Uncommon Descent Serving The Intelligent Design Community

ID Foundations

Foundational concepts and evidence for inferring design in light of empirically tested, reliable, observable signs

UD Guest Post: Dr Eugen S on the second law of thermodynamics (plus . . . ) vs. “evolution”

Our Physicist and Computer Scientist from Russia — and each element of that balance is very relevant — is back, with more.  MOAR, in fact. This time, he tackles the “terror-fitted depths” of thermodynamics and biosemiotics. (NB: Those needing a backgrounder may find an old UD post here and a more recent one here, helpful.) More rich food for thought for the science-hungry masses, red hot off the press: _________________ >>On the Second Law of Thermodynamics in the context of the origin of life Rudolf Clausius (1822-1888) This note was motivated by my discussions with Russian interlocutors. One of UD readers here has asked me to produce a summary of those discussions, which I am happy to do now. I Read More ›

BTB: Points to ponder as we look at Crick’s understanding of DNA as text, since March 19, 1953

A few days back, I headlined a clip from Crick’s letter to his son Michael, March 19, 1953: The main text is accessible here (with page scans). Sans diagrams: >>My Dear Michael, Jim Watson and I have probably made a most important discovery. We have built a model for the structure of des-oxy-ribose-nucleic-acid (read it carefully) called D.N.A. for short. You may remember that the genes of the chromosomes — which carry the hereditary factors — are made up of protein and D.N.A. Our structure is very beautiful. D.N.A. can be thought of roughly as a very long chain with flat bits sticking out. The flat bits are called the “bases”. […] Now we have two of these chains winding Read More ›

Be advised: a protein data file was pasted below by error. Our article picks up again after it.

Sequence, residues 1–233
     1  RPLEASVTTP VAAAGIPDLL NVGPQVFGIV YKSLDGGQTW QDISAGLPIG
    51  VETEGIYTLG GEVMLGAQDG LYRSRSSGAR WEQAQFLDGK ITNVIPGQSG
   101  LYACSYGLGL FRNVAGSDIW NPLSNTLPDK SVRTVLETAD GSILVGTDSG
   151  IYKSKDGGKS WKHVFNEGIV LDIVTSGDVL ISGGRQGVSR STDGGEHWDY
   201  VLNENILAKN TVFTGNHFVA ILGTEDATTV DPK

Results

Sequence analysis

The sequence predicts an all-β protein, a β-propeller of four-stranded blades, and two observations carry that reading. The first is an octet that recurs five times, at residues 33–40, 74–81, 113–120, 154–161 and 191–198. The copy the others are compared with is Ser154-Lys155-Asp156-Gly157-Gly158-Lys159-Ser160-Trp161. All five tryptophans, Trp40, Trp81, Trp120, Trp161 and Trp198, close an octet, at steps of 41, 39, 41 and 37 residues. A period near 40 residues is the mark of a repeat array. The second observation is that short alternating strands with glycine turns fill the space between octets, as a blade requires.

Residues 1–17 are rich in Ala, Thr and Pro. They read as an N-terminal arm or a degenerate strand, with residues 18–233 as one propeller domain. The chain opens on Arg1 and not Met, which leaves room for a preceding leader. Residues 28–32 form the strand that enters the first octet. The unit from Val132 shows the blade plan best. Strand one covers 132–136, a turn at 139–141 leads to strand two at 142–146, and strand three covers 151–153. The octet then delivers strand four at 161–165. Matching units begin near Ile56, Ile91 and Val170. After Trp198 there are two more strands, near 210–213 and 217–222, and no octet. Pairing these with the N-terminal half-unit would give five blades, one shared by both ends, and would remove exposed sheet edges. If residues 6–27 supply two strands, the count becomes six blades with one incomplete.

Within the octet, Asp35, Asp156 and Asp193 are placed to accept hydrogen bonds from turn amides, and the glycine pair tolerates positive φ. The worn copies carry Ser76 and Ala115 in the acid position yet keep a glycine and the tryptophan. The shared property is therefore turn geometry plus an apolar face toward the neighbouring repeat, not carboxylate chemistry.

BTB, Q: Where does the FSCO/I concept come from? (Is it reasonable/ credible?)

A: One of the old sayings of WW II era bomber pilots was that flak gets heaviest over a sensitive target. So, when something as intuitively obvious and easily demonstrated as configuration-based, functionally specific complex organisation and/or associated (explicit or implicit) information — FSCO/I — becomes a focus for objections, that is an implicit sign of its central importance and potential impact on the prevailing a priori materialism school of thought. So, it is appropriate to pause, headline and note for record its source in the works of Orgel, Wicken and Thaxton et al (where Dembski’s link to CSI is also important, cf here from a few days ago; as is the metric approach by Trevors, Abel, Durston Chiu et Read More ›

Back to Basics of ID: Induction, scientific reasoning and the design inference

In the current VJT thread on 31 scientists who did not follow methodological naturalism, it has been noteworthy that objectors have studiously avoided addressing the basic warrant for the design inference.  Since this is absolutely pivotal but seems to be widely misunderstood or even dismissed without good reason, it seems useful to summarise this for consideration. This having been done at comment 170 in the thread, it seems further useful to headline it and invite discussion: _________________ >>F/N: It seems advisable to again go back to basics, here, inductive reasoning and why it has significance in scientific work; which then has implications for the design inference. A good point to begin is IEP in its article on induction and deduction Read More ›

Foundational Philosophical Alternatives

Criminologist and former atheist Mike Adams summarizes the three foundational philosophical alternatives to the Cosmos:

First, we can say that it came into being spontaneously – in other words, that it came to be without a cause. Second, we can say that it has always been. Third, we can posit some cause outside the physical universe to explain its existence. The second option is no longer reasonable. Science has been leading inexorably to the conclusion that the universe is not infinite but instead had a beginning. . . . Reasonable people grasp intuitively that it makes far more sense to say that something came from something than to say that something came from nothing. Of course, admitting that the universe was caused by something rather than nothing comes with a price. Any cause predating the physical universe must therefore be non-physical in nature.

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The Relationship Between ID and Common Descent

Since this has popped up a lot in the last few weeks, I wanted to repost an old post of mine describing the relationship between ID and Common Descent. I think it is pretty much as relevant now as when I originally posted it almost 6 years ago.
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Chains of warrant and of causation in Origins Science